Reference numbers Urk. 3
Doc. 10
CPG 3500
Incipit Τῷ δεσπότῃ μου κατὰ πάντα
Date c. 318-323
Ancient source (paragraphs 1-3) 2nd Council of Nicaea, Sessions (Actiones) 5 and 6
Modern editions used (paragraph 1-3) Labbe, vol. 7, col. 365; Mansi, vol. 13, coll. 176-177 and 317
Ancient source (paragraphs 4-5) Eusebius, Contra Marcellum 1.4.40-41; 1.40.57
Modern edition used (paragraphs 4-5) G.C. Hansen and E. Klostermann, Eusebius Werke, Band 4: Gegen Marcell. Über die kirchliche Theologie. Die Fragmente Marcells [Die griechischen christlichen Schriftsteller 14, 2nd edn. Berlin: Akademie Verlag, 1972] via the TLG

(1.) A letter of Eusebius of Pamphylia to Euphration, which begins:  I confess to my lord by every grace….  And it continues later:

For we do not say that the Son is coexisting with the Father, but instead that the Father existed before the Son.  For if they coexisted, how could the Father be a father, and the Son be a son?  Or how could one indeed be the first, and the other second?  And how could one be unbegotten and the other begotten?   For the two, if they are equal, likewise exist mutually and are honored equally, one must conclude that either they are both unbegotten or both begotten, as I have said, but it is clear that neither of these is true.  For they are neither both unbegotten nor both begotten.  For one is indeed the first and best and leads to/precedes the second, both in order and in honor, so that he is the occasion for the second’s existing and for his existing in this particular way.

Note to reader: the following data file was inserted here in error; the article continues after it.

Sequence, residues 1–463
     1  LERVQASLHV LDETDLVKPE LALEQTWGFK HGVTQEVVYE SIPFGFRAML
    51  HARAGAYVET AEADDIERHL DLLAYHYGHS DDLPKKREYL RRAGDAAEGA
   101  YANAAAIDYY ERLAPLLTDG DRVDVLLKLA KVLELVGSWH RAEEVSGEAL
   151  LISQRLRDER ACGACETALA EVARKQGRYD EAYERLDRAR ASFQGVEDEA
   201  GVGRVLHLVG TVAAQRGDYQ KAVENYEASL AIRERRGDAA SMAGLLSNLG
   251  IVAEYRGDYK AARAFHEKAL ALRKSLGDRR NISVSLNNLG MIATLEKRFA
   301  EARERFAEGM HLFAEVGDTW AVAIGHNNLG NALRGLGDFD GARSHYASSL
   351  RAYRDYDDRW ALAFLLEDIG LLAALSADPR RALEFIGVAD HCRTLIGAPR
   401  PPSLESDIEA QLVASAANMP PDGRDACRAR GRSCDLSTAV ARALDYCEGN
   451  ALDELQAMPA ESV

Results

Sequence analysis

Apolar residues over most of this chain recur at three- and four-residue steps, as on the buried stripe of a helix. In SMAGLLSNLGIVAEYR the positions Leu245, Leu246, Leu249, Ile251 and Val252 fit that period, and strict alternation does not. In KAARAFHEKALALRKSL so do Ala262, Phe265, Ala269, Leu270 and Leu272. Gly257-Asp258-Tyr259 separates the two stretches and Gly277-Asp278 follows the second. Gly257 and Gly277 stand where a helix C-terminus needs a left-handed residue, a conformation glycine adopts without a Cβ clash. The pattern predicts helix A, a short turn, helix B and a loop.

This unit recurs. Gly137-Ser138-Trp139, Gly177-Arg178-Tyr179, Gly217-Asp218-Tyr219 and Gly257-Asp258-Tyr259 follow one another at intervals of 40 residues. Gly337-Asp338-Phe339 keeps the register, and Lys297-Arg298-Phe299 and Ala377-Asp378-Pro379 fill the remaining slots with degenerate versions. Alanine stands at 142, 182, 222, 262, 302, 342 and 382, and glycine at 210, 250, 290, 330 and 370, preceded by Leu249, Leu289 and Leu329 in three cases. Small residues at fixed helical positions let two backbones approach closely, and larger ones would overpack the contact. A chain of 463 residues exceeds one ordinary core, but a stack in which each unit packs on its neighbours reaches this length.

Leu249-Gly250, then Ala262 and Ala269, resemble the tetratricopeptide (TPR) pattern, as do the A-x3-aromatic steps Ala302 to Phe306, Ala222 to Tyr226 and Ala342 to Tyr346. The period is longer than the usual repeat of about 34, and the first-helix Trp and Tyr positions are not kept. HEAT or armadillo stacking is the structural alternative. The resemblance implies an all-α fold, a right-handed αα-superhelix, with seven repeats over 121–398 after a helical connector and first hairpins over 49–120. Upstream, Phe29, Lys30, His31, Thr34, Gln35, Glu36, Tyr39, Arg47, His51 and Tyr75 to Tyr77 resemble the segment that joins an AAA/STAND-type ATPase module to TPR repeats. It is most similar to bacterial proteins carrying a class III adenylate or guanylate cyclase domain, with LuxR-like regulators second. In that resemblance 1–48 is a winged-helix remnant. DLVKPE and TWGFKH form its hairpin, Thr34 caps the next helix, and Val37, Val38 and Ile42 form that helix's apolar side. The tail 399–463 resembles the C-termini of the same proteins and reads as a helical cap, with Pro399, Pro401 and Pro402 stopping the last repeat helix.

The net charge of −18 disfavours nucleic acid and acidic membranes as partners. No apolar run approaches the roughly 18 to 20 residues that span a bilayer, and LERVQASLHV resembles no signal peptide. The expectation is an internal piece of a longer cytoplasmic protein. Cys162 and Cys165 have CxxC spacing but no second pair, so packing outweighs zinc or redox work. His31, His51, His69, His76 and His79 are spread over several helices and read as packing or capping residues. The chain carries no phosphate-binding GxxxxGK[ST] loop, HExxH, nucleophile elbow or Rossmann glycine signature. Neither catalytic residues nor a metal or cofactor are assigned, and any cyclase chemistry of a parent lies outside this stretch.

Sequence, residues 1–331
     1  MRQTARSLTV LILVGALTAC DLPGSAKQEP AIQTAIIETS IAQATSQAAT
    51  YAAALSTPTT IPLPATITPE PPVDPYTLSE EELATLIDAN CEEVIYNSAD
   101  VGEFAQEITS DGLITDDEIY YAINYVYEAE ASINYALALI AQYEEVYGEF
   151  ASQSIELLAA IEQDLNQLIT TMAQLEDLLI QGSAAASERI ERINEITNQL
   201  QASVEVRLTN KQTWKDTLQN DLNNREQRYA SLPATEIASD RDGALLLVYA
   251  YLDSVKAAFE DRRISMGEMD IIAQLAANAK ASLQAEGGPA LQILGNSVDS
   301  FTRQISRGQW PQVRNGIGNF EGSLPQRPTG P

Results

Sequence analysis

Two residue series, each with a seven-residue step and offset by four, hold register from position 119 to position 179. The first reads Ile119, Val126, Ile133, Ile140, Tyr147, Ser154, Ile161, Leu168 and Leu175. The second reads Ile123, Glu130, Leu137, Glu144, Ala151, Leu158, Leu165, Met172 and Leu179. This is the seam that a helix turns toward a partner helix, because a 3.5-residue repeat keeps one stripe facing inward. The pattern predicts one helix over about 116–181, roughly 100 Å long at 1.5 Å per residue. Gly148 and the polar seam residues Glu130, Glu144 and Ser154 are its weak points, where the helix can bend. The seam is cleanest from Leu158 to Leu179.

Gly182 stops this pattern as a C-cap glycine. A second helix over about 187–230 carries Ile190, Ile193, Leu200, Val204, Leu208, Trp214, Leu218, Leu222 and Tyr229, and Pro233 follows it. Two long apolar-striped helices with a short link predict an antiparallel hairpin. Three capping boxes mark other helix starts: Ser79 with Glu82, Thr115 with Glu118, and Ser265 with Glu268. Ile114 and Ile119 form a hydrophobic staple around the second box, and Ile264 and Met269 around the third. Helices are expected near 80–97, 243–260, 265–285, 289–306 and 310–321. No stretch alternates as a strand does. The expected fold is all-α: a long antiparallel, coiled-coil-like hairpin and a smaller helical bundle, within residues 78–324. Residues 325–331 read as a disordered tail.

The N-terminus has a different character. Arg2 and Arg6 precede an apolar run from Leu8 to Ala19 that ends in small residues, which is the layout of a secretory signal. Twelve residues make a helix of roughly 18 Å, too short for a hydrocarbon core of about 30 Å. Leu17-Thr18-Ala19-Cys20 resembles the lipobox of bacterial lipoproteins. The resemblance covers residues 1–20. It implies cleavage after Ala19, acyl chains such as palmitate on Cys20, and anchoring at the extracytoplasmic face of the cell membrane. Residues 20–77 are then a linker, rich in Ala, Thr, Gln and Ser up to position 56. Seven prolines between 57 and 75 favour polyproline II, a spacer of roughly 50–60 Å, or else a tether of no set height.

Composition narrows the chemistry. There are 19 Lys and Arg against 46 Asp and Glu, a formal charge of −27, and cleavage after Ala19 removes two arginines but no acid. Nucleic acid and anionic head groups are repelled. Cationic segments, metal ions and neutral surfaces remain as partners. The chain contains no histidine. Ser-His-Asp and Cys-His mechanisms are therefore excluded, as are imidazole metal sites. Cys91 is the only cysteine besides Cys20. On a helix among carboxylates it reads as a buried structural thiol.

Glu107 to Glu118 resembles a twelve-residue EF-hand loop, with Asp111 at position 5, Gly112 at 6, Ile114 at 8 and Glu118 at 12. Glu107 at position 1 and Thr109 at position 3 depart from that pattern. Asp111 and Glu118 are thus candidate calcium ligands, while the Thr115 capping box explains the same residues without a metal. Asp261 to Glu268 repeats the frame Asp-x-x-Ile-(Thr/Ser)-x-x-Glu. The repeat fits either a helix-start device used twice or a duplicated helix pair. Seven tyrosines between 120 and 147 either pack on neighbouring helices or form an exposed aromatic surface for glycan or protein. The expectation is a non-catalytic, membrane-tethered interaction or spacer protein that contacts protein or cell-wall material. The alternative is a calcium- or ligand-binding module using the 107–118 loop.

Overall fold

(2.) For the Son of God himself, who quite clearly knows all things, knows that he is different from, less, and inferior to the Father, and with full piety also teaches us this when he says, “The Father who sent me is greater than me” [John 14:28].

(3.) [And it is also written in the same letter:]  But he teaches that that one [the Father] is alone true when he says, “that they may know you, the only true God” [John 17:3], not as if one only is God, but that one is the (only) true God, with the very necessary addition of true.  For also he himself is Son of God, but not true, as God is.  For there is but one true God, the one before whom nothing existed.  But if the Son himself is true, it is simply as an image of the true God, and he is God, for [Scripture says] “and the Word was God” [John 1:1], but not as the only true God.

(4.) For daring to divide the Word of God and to name the Word as another God, differing in essence and power from the Father, he has departed into as great a blasphemy, as is easily discerned from those very terms he uses.  The following is an exact quote from his writings:

But surely the image and the one whose image it is are not considered one, but they are two Beings and two Things and two Powers, similarly with other titles [on image of God, see Col 1:15, 2 Cor 4:4].

(5.) He writes as follows, wishing to show the savior as only a man, as the great unspoken mystery unveiled to us by the apostle:

For more clearly also the divine Apostle transmits to us the unspoken and mystical theology when he calls and cries out, “There is one God;” then after saying one God he continues to describe another, “One mediator between God and men, the man Christ Jesus” [1 Tim 2:5].

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